> default Tapestry components OR you can sort of work around this by
> wrapping the component in a Conditional component.
> 
> 3. Tapestry default components do not allow render flags. In
> conjunction with issue #2, you can't just set a flag informing
> Tapestry to NOT render the component.
> 
> So, why does this pose a large issue for me? Because I have many pages
> in which I now need to implement security by either
> removing/not-rendering the component or adding/modifying the
> "disabled" attribute. I cannot, out-of-the-box, do what I need with
> Tapestry 3.1. I must go through each component and the add a
> "disabled" attribute (only 130+ of them). I must choose to wrap the
> components in Conditionals if I don't want them rendered. IMO, this is
> a ton of work and really defeats the purpose of dynamic page
> generation and server-side page manipulation. Perhaps this is part of
> the general Tapestry paradigm, but I don't understand that paradigm
> correctly (or not well enough), because this is quite frustrating.
> 
> The only acceptable solution (I've thus found) is to go through and
> create wrapper components for each of the Tapestry components we're
> using. I'll add a default "disabled" attribute that I can hose with at
> run-time (so the designer doesn't have to add it specifically) and a
> flag that determines whether the component should render. This is
> going to take more time than I likely have and is a real pain since
> I'll need to essentially wrap all of the basic Tapestry components
> (ProperSelection, Insert, DirectLink, PageLink, Submit, Button).
> 
> On the other hand, JSF provides the convenience of both the ability to
> update attributes (mutable map, getAttributes()) and set a render flag
> (setRender()). What's prohibiting Tapestry's inclusion of the same
> principles? Has no one else been disturbed because of these inherent
> weaknesses?
> 
> Feedback and correction is appreciated.
> 
> 
> 
> On 9/2/05, Robert Zeigler <robertz@scazdl.org> wrote:
> > I'll try to find the thread information.
> > What concerns me about the original poster's idea is the thought of
> > "removing" the component. Rendering or not rendering the component is
> > fine; that's "dynamic behavior". Adding or removing components at
> > runtime violates the idea of "static structure".
> >
> > The thread subject was "programmatically adding a binding to a 
> component".
> > Gmane:
> > http://article.gmane.org/gmane.comp.java.tapestry.user/25209
> >
> > The thread was talking specifically about component bindings, but the
> > specific quote I was thinking of was:
> >
> > "The various setter methods exist for the framework, you
> > should treat components as immutable."
> >
> > This includes adding and removing components to the component at
> > runtime. Note that pages are just specialized components.
> >
> > Again, the fundamental issue is not rendering vs. not rendering
> > components, but rather adding/removing the components. It sounded to me
> > like the original poster was wanting to do the latter.
> >
> > The "requires role" component that you implemented sounds fine; this is
> > the sort of approach I was advocating.
> >
> > Robert
> >
> > LOCHART,DOUGLAS E wrote:
> > > Robert,
> > >
> > > I am interested in reading this HLS thread. I did a search but did not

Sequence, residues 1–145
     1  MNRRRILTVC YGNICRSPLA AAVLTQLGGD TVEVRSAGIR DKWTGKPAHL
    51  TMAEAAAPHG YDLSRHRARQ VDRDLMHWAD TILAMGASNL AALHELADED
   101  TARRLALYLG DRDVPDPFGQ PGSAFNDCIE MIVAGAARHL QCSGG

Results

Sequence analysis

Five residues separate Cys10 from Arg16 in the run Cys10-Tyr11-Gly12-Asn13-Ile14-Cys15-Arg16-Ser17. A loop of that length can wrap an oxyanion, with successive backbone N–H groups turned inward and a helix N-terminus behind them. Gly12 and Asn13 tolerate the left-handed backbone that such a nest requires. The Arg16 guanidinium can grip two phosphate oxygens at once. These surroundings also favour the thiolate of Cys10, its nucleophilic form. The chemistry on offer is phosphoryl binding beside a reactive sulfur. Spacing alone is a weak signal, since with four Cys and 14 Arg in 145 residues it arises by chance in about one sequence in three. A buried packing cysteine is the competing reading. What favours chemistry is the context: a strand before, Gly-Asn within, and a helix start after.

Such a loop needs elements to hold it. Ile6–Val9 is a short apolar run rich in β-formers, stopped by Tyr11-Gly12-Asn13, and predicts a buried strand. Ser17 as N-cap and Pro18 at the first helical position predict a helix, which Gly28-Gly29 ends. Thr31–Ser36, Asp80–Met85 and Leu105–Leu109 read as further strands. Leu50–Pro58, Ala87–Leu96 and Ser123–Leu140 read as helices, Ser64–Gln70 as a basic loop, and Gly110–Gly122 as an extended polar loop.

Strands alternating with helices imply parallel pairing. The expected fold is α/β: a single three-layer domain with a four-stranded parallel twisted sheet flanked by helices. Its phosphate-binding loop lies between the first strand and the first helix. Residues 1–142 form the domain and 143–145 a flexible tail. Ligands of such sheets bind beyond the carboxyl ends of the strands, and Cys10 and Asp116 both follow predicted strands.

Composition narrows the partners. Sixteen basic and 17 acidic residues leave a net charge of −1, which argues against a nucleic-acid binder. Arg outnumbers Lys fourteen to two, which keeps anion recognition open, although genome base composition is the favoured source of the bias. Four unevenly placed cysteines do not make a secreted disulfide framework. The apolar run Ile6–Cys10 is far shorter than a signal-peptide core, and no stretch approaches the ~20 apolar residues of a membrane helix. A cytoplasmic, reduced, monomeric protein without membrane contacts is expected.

> > > find it. Could you possibly point me to the thread (dates, keywords to
> > > search etc)
> > >
> > > I would appreciate it.
> > >
> > > The approach I took was to create a component (based on the 
> Conditional
> > > component) called RequiresRole. If the user logged in does not have 
> the
> > > role, the menu option/links etc are not visible. It works fine for me.
> > > Maybe I am missing the point in "rendering of pages at runtime" but my
> > > component is JUST LIKE Conditional so I do see what is the problem.
> > >
> > > thanks
> > >
> > > Doug
> > >
> > >
> > > To be honest, personally, I don't think that approach is really going 
> to
> > > mix well with tapestry. As was mentioned by HLS in a recent thread, 
> you
> > > should consider pages at runtime as immutable. Removing elements will
> > > prove problematic, I think.
> > > An approach I used was to create a sort of "inRole" component. It 
> takes
> > > as parameters either a requisite permission name or an object for 
> which
> > > permission is required. It's essentially an "if" wrapper, but has the
> > > advantage of centralizing the render-oriented permission logic to a 
> single
> > > component.
> > > You could also create custom wrappers around any components. So you
> > > could, for instance, create a "SecureTable" component which wraps a 
> table
> > > component, adds parameters related to permission checking, and
> > > conditionally renders the component. Then you could use your 
> SecureTable
> > > just like table, and still have your dynamic behavior.... static
> > > structure, dynamic behavior. :)
> > >
> > > Robert
> > >
> > >
> > >>> I'm wondering if anyone has impemented a security model that 
> requires
> > >>> dynamic (render-time) removal of certain HTML elements? And if so,

> how
> > >>> hefty
> > >>> was the work? I need to remove elements at render time based upon 
> roles
> > >>> and
> > >>> rights and *do not* want to wrap all of the secure elements in
> > >>> conditionals.
> > >>> Rather, I'd wish to determine at render time the necessity of 
> removing
> > >>> certain elements and simply not render them.
> > >>>
> > >>> TIA,
> > >>> -RR-
> > >>>
> > >
> > >
> > >